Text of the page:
It’s easy to get scared off when people ask you to upgrade your protests against bad policy from the virtual to the real world. Tweeting and changing your Facebook status seems so much easier than actually picking up the phone and talking to somebody — somebody who you might feel understands the bill in question better than you do.
But that’s where you’re wrong. The fact is, your elected representatives almost always know a lot less than you do about what you do for a living — and they actually want you to help them understand how legislation will affect businesses in their state or district.
Calls to your elected representatives don’t have to take long. A few well-informed points, contained in a few simple sentences, are really what they’re seeking, and they’re what will make the difference. It’s easy.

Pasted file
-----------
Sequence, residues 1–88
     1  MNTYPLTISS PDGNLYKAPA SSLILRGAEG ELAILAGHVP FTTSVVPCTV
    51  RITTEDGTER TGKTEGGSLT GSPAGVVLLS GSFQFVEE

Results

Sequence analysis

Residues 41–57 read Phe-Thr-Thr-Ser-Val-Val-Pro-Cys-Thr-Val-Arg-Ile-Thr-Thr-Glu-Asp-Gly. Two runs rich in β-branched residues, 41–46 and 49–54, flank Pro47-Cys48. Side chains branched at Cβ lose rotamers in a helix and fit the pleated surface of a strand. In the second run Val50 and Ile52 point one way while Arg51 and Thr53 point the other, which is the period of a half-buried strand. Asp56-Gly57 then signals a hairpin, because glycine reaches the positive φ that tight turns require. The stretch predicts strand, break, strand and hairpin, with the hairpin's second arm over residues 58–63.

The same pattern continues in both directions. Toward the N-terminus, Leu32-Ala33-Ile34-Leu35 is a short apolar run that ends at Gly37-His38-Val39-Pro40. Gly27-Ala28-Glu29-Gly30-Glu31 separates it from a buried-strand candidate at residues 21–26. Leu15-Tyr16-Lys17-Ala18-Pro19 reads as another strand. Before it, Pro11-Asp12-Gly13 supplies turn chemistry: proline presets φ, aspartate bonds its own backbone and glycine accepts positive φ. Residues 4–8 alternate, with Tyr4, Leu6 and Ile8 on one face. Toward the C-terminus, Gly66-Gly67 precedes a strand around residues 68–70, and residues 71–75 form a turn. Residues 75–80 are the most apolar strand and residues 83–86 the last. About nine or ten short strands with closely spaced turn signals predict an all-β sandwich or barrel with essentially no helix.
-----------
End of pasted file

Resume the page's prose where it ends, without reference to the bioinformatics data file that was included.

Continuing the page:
So here’s what we need you to do — preferably tomorrow, but certainly no later than Monday, Jan. 23: Read more
SOPA seems to be breathing its last! Although Rep. Smith has indicated that he’ll remove the controversial DNS blocking provisions of the bill, we’ve heard that the bill is so poisoned, hearings won’t resume, essentially killing the bill. That’s a huge victory for the Internet industry. This bill had big money interests behind it, and we in the Internet community were outspent to a ridiculous degree — but at the end of the day our voices were heard. Victory, right?
Not so fast! Read more
I just arrived back in Virginia after three days at International CES in Las Vegas, where I was spreading the word about the dangers of the Stop Online Piracy Act (SOPA) and the Protect IP Act (PIPA) on behalf of the Internet industry.